Another sneaky trick of the animal kingdom: certain male garter snakes will secrete female-type hormones to interest other males. The impostor males do this in the first day or two after they emerge from hibernation, which causes other males to swarm over them in a writhing snake snuggle. This has two benefits: they can lure the other males away from females, and the body heat helps warm them up.
24. Population Control
Many insects mate only once in their lives, so scientists are searching for ways to use insect mating habits as a way to control populations. They’ve found that engineering and releasing sterile male mosquitoes causes a massive decline in populations, as the females will mate and then die without ever having babies. This strategy is being developed as a new way to control the spread of mosquito-born diseases like West Nile, malaria and zika.
23. Chivalry Isn’t Dead
In Medieval times, two romantic rivals might have engaged in a fencing match to win the heart of their beloved. Some species of flatworm are also into fencing—two “males” use bifurcated penises to fence with each other to win a romantic duel, but they don’t do it to impress a female—flatworms are hermaphroditic, possessing both female and male genitals. The loser of the duel “becomes” female and allows the winner to mate with her.
22. Sole Purpose
Luna Moths needn’t resort to starving their mates into submission—they’ll starve anyway! After the larvae metamorphose into adults, they emerge with genitalia but no mouths! Their sole purpose as adults is to mate; they are unable to eat and die of starvation.
21. Tickle, Tickle
Painted turtles are a bit coy when it comes to romance. During courtship, males use their long front claws to tickle and stroke the heads of females. If the female is into it, she’ll sink to the bottom of the pond where the pair can mate in private.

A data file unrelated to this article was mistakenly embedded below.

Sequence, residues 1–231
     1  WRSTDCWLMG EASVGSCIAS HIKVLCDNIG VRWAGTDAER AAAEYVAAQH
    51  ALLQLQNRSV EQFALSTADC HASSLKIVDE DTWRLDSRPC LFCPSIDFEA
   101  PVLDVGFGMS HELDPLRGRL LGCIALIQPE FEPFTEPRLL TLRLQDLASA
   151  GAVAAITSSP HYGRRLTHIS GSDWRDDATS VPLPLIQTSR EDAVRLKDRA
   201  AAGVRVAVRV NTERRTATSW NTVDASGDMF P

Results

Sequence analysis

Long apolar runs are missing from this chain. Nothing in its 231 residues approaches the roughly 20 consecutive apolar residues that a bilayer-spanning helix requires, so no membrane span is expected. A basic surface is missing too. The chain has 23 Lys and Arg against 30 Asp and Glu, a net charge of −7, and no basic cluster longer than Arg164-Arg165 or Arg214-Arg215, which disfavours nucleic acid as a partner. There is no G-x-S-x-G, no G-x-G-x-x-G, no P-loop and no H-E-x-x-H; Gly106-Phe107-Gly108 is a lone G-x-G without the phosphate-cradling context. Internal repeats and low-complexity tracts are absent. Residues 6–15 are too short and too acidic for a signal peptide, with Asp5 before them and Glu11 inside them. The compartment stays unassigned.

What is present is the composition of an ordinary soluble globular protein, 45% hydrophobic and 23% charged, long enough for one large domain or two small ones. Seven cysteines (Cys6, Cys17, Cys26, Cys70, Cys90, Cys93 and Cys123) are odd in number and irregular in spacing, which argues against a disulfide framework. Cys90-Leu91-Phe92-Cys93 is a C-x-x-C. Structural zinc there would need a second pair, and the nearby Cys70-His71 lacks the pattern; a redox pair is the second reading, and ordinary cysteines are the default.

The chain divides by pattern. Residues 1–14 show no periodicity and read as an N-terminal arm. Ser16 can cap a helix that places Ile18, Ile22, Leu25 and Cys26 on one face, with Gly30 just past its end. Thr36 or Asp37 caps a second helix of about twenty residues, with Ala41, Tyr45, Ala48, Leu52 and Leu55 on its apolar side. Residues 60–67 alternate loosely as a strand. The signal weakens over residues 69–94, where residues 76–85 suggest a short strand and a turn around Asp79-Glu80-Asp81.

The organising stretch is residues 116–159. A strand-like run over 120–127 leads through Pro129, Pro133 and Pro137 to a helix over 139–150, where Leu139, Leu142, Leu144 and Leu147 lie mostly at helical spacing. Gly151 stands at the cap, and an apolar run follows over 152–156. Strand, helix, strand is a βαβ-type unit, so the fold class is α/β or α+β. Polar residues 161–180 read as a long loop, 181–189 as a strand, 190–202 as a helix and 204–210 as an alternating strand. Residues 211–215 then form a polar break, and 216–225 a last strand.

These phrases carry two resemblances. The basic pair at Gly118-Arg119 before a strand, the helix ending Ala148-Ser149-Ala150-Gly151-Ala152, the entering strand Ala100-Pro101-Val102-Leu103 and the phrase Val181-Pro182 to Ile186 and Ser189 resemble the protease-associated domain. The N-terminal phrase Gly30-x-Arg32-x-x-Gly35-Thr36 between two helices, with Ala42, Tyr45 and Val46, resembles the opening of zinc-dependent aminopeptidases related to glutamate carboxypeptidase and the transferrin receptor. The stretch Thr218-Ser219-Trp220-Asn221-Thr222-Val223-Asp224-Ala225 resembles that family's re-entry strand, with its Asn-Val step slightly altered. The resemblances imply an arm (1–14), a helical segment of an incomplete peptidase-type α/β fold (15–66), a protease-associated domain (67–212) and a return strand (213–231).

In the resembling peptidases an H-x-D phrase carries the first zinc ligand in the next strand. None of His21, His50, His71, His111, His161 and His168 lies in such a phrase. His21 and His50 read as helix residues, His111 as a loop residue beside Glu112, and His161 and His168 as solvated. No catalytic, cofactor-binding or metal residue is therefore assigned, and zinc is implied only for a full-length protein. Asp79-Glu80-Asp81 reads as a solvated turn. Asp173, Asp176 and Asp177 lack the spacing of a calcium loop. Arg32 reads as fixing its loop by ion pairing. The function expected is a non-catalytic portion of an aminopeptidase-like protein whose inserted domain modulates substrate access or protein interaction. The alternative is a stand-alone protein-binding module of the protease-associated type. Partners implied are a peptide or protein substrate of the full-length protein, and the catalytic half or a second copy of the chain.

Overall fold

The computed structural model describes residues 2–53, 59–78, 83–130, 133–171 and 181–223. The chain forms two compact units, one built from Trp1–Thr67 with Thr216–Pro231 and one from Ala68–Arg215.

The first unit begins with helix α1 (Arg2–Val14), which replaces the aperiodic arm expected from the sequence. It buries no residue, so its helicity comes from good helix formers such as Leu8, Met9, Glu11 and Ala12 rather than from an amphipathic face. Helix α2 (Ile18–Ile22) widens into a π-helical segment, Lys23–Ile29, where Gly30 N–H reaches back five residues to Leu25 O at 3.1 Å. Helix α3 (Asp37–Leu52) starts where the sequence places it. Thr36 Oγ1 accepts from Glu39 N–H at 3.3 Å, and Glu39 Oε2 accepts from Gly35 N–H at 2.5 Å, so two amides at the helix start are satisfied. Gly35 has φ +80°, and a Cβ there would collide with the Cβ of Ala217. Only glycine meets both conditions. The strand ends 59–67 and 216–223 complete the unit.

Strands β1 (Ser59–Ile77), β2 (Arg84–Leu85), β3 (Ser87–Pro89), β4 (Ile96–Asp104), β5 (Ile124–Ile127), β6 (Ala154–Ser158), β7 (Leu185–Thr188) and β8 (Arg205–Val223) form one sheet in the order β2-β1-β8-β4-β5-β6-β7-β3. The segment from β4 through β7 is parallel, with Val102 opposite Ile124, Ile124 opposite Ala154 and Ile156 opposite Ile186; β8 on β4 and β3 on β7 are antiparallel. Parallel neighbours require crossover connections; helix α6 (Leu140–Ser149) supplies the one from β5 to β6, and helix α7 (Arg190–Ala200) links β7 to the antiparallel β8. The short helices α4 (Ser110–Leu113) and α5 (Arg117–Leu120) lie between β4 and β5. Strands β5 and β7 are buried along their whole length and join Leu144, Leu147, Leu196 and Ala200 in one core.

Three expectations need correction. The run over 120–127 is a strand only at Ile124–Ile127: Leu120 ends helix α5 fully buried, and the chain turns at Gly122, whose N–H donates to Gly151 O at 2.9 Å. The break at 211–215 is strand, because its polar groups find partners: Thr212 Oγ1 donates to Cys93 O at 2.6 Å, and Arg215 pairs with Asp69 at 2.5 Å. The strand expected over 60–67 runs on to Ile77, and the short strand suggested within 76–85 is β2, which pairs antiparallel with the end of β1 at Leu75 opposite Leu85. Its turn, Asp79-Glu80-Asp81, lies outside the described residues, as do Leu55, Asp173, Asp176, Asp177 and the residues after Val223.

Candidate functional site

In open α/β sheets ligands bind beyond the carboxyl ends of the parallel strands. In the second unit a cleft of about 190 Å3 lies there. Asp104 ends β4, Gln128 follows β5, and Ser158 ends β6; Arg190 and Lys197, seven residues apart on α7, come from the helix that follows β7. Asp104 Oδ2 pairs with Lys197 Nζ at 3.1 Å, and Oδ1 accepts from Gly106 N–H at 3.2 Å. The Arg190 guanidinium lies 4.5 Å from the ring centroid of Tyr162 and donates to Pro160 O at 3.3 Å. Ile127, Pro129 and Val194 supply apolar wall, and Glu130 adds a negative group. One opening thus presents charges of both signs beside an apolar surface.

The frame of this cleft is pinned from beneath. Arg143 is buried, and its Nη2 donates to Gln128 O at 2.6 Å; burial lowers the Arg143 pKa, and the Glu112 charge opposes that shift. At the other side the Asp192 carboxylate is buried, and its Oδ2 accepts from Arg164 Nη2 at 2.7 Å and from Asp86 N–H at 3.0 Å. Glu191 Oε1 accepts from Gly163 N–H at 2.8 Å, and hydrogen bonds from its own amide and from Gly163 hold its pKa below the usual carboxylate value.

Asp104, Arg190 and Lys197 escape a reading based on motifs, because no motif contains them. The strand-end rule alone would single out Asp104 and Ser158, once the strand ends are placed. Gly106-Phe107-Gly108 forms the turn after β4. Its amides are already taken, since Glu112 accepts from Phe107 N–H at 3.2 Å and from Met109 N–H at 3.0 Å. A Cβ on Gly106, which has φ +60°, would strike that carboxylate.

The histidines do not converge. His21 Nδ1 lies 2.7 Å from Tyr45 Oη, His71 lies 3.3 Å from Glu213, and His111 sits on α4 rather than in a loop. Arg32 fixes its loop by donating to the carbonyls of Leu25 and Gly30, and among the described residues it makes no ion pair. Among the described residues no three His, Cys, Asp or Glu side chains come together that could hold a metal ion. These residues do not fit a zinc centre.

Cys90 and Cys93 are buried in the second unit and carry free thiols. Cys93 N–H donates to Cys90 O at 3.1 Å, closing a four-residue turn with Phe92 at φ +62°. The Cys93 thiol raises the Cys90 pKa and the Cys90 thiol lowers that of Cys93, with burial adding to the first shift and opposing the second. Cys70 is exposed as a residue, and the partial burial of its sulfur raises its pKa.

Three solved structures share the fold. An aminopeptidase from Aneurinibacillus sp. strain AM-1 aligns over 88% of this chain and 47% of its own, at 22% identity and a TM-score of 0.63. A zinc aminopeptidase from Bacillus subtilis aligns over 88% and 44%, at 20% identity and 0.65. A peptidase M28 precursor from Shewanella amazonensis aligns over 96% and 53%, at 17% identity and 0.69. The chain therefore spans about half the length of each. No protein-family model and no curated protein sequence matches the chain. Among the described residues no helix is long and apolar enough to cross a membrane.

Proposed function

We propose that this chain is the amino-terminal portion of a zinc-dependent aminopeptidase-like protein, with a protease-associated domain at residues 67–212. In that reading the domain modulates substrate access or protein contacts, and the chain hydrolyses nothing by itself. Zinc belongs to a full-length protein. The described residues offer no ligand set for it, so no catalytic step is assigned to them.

20. Beautiful Mandalas
Japanese puffer fish flap their fins in elaborate undersea dances to attract females, creating undersea “crop circles” with intricate patterns. The fish are only 5 inches long, but their circular decorations can be up to 7 feet in diameter. The females inspect these formations, and if they like what they see, will lay their eggs at the center of the circles. The females then take off, leaving the males to fertilize and care for the eggs.
19. Sounds Nice
Female millipedes often curl up into defensive balls when males try to mate, interpreting the mating behavior as a threat. To soften up the females, males warm the females up with sweet serenades and relaxing back rubs. A male walks on the back of the female, massaging her with hundreds of feet, and some males produce a sound to calm his mate. Who could resist that?
18. Hard To Love
Pandas are endangered largely because of threats to their habitat, but their mating habits don’t make it easy to replenish panda populations. The females are only interested in sex for 24-72 hours yearly. Panda females are also quite picky, and zoos often have difficulty mating females with males who just don’t seem to know what they’re doing when it comes to sex. A zoo in Thailand resorted to showing males panda pornography—videos depicting panda mating—in an effort to instruct and arouse their pandas.
17. Not Always So Slow
Shrieking at a human male might not be the best way to win his heart, but it works if you’re a sloth. Female sloths emit loud screams when they’re in heat, which attracts any nearby males. While sloths may be known for their slowness, the one time they’re not slow is in the bedroom: the whole sloth mating routine—including foreplay and copulation—takes only five seconds.
16. Prolific Lovers
Snow leopards only find one partner during mating season to maximize their time together. During this time, snow leopard couples typically mate 12 to 36 times per day.
15. Girl’s World
How do male Whiptail lizards entice their mates? They don’t—they don’t even exist. All the lizards of this truly amazing species are female. Pairs of female whiptails come together in a mating ritual, stimulating each other to lay eggs, but they don’t actually mate. Each lizard lays eggs and produces young that are genetically identical—effectively clones—of their respective mothers.
14. An Alternative To Flowers
Male bowerbirds know that the females of their species are attracted to flashy displays of wealth. Males spend hours collecting and arranging displays of brightly-colored objects to impress potential mates. They fill their bowers with stones, flowers, leaves, shells, and man-made items like coins, rifle shells, plastic bits and pieces of glass. Females, who want to know their male will be a good provider, will visit several bowers and then mate with the male whose collection impresses them the most.
Female ducks have developed elaborate countermeasures to prevent themselves from being impregnated by unwanted males: Their vaginas have evolved into long, complex mazes with twisting tunnels and dead ends. Some even spiral clockwise, in the opposite direction of the counter-clockwise corkscrew duck penises.
12. The Worst Singles Mixer Ever